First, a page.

Autistic Youth’s Brains React Differently to Stimuli

autism sensory stimuli

Recently, a study that was published in JAMA Psychiatry has found that children on the spectrum who are overly sensitive to stimuli show differences in brain reactions.

These findings could enable researchers to posit new types of interventions which would help more than 50% of the autistic population.

Shulamite A Green, a postdoctoral fellow at UCLA’s Semel Institute for Neuroscience and Human Behavior, says that these findings could significantly improve the lives of autistic individuals as well as their families. She says that often times, parents don’t want to leave their homes because taking their child out is too difficult.

Green also says that this research will help to understand how to treat sensory over-responsitivity, or SOR. By looking at brain imaging research and magnetic resonance imaging, the team from UCLA may have found a compensatory mechanism in the brain that helps regulate responses for autistic individuals without SOR.

The study focused on adolescents between the ages of 9 and 17. They also looked at those with autism and those without. In the study, there were three types of sensory stimuli- hearing loud noises, being rubbed on the inner arm wit a scratchy wood fabric, and experiencing auditory and tactile stimuli simultaneously.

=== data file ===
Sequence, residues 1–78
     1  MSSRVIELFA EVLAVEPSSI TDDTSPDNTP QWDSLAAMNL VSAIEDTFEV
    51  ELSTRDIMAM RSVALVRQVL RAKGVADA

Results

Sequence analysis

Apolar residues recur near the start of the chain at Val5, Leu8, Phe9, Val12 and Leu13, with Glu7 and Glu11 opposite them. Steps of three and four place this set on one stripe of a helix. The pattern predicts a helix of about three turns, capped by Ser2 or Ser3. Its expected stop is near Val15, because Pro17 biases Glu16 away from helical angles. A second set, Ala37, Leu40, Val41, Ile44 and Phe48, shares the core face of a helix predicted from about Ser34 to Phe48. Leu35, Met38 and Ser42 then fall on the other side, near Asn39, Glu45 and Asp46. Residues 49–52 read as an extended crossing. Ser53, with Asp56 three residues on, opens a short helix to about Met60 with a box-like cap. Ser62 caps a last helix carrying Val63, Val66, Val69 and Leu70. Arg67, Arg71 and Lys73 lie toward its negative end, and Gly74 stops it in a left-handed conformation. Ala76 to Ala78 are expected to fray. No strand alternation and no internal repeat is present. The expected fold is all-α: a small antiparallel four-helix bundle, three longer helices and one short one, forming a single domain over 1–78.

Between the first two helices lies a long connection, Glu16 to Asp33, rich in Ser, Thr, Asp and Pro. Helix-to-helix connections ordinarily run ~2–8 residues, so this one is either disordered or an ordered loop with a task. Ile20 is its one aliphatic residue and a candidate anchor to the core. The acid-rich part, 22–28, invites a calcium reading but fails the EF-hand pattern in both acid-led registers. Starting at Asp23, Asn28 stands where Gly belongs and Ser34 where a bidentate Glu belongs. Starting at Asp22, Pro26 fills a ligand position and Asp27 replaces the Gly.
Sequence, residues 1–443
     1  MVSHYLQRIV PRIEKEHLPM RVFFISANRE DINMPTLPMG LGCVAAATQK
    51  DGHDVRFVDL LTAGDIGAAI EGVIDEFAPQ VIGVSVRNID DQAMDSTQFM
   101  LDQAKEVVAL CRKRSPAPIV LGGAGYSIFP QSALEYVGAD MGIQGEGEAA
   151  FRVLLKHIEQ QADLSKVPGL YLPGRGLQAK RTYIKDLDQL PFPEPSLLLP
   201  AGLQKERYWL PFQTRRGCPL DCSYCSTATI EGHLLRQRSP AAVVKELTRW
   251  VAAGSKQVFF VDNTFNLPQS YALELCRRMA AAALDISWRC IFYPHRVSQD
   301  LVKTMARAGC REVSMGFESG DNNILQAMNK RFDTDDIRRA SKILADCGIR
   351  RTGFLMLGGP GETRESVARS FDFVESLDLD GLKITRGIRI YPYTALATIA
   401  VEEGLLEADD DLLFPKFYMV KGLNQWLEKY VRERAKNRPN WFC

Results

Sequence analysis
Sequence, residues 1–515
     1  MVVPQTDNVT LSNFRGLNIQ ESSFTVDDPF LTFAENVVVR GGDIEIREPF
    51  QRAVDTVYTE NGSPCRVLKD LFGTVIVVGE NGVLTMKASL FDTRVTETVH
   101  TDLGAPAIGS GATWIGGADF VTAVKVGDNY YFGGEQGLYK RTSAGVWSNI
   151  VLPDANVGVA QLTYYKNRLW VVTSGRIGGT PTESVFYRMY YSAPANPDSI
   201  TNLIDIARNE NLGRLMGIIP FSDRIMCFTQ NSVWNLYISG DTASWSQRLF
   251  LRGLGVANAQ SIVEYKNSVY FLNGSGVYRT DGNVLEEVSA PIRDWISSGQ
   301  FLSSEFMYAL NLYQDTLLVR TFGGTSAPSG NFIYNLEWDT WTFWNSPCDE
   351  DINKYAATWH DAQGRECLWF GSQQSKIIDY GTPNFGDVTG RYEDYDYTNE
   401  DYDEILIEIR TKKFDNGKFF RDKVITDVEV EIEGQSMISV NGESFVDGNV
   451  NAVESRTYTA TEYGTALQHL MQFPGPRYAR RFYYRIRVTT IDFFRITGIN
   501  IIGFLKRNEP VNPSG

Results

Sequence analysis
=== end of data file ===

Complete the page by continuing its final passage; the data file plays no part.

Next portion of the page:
Green says that for the individuals with ASD but not SOR, their brains may be compensating through connectivity between their prefrontal cortex and amygdala. Both of these regions in the brain are connected to attention, threat response, and emotional reactions. 

Although there is no definite treatment for SOR, the team feels confident in their work towards finding one. One treatment that could be effective is creating coping skills for dealing with external stimuli. 

The UCLA team is continuing their research. They have recently received a grant from the Simons Foundation, which will help them continue their work with Autism Spectrum Disorder and SOR.

Information from this article sourced from Autism Daily Newscast

Written By Sejal Sheth

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